Small firms have a not-so-small impact. In case you needed reminding, this article from the AP breaks down how small business woes are affecting every sector the economy. It goes something like this: small business owners face sluggish sales, and are forced to pay employee salaries out of their own pockets -- or even close down. Communities suffer from resulting job losses, and larger companies, like Wal-Mart and Office Depot, get hurt as small business owners slash budgets.
The Orwellian office. In the disturbing trend story of the day, the Wall Street Journal details how some companies are fighting layoff rumors with a healthy dose of white noise. (Does anyone see a problem with managers acting like Cold War-era spies?) The story describes the firms that can help you stop your employees from (gasp) talking: "Dynasound Inc., an Atlanta-based company that makes sound-masking technology, has seen sales increase by 141% over the past two years. Tom Keonig, president of Dynasound, said in recent months there has been an increase in interest in the company's eavesdrop-prevention equipment, which masks the intelligibility of conversations or keep private conversations from escaping boardrooms and other sensitive areas. With the financial turmoil, "Companies don't want anyone to know what their survival plans of which downsizing, outsourcing and closing plants might be part of," Mr. Koenig said."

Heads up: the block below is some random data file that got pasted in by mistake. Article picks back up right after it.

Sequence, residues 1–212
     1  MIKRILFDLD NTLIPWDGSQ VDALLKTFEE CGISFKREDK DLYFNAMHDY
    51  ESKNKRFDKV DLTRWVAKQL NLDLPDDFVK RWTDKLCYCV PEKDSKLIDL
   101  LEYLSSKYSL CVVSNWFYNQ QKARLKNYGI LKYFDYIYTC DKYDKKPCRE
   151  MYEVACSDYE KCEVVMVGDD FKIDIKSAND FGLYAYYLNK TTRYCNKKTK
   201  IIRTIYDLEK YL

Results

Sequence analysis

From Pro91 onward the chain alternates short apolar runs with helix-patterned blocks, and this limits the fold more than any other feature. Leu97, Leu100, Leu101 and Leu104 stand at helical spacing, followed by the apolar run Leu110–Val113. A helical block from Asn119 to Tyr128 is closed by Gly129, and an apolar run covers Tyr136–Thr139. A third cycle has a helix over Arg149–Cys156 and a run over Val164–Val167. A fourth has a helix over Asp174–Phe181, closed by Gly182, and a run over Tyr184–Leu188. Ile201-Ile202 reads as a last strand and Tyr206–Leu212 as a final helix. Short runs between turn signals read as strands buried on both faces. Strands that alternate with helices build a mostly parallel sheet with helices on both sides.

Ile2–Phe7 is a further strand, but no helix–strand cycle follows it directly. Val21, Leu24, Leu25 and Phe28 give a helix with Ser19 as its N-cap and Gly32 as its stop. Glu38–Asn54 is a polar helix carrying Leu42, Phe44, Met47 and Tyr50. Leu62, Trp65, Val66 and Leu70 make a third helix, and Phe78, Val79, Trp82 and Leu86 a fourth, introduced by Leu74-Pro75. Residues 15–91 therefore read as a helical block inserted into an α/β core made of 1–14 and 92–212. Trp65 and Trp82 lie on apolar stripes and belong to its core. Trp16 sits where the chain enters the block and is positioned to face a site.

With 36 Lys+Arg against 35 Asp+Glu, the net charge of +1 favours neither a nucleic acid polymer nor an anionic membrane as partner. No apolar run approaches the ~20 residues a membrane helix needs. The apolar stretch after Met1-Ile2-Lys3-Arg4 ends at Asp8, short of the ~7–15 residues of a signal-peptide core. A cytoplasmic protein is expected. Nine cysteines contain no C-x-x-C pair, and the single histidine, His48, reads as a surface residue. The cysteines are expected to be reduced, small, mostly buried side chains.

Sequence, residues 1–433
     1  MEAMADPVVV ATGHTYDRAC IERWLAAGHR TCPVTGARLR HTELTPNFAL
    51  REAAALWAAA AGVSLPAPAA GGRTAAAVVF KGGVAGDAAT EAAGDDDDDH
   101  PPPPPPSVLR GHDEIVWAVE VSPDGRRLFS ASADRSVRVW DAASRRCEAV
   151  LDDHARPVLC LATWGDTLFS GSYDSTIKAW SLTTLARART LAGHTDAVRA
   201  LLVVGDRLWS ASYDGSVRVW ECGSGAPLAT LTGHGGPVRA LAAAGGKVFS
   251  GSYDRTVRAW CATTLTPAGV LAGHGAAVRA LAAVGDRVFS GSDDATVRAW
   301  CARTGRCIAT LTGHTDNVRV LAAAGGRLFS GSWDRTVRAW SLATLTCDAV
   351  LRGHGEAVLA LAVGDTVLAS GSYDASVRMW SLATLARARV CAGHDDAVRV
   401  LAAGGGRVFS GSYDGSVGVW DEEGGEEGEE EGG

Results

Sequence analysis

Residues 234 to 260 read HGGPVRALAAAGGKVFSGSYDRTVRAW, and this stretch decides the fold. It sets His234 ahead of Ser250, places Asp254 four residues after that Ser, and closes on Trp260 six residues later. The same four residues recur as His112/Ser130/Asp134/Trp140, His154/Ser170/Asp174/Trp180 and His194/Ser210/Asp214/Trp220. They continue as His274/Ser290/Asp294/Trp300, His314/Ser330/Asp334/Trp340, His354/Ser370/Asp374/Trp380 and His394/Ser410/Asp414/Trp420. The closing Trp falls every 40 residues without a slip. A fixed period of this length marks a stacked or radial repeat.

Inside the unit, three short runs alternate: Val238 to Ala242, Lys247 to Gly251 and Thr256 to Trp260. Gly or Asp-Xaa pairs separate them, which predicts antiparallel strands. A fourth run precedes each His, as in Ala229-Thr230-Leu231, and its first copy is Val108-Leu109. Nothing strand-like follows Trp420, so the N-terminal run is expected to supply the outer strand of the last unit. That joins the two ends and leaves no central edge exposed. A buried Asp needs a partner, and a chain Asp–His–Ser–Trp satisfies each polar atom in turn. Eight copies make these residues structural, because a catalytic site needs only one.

Dark days for venture capital. Alley Insider has the latest numbers from the venture capital industry, and they ain't pretty. VCs raised 33 percent less capital in the fourth quarter of 2008 than they did a year earlier, and VC investments in start-ups were off by 30 percent.
Everything's negotiable. Small companies are reexamining everything during the recession, including longstanding deals with vendors and suppliers, reports the WSJ. Deals that seem equitable in good times, can be come burdens during downturns: "Tom Long, an Oak Park, Ill., small-business consultant, said 10 of his dozen or so clients have negotiated discounts of 1% to 5% with at least one vendor for paying with cash or personal check, and usually within 10 days of a product or service's delivery. Most have negotiated these deals in the past 30 days, he says."
More on Iowa's small business health care initiative. The AP reports on state legislators' plan to allow small businesses to buy into state employees' health care plan. Iowa state polls indicate that health care is the number once concern of voters.
What R U working on? Will Twitter-like messages ("tweets" for the uninitiated) one day replace conference calls and emails for workplace communication? Yammer, a Los Angeles area start-up that offers a microblogging service aimed at business users, thinks so. And so do some deep pocketed investors. The company just raised $5 million from Charles River Ventures and the Founder Fund, according to TechCrunch. Of course, as TechCrunch points out, Twitter could easily branch into the business world itself and the company already lets users create private accounts.
Blackberry storefront starts vetting developers. Biting off Apple's billion-dollar idea for the iPhone App Store (the iTunes for your smartphone), RIM has started accepting applications from developers for its soon-to-be launched Blackberry Store. But as Om Malick points out, the company is facing stiff competition from Apple, Google, Palm, and Symbian to entice good developers to their app stores. (David Pogue, by the way, named, the cellphone app store as the best tech idea of 2008). RIM is hoping its VC fund will attract talent. Check out the handy chart in our January issue of how the iPhone, T-Mobile G1, and iPhone stack up for business users.
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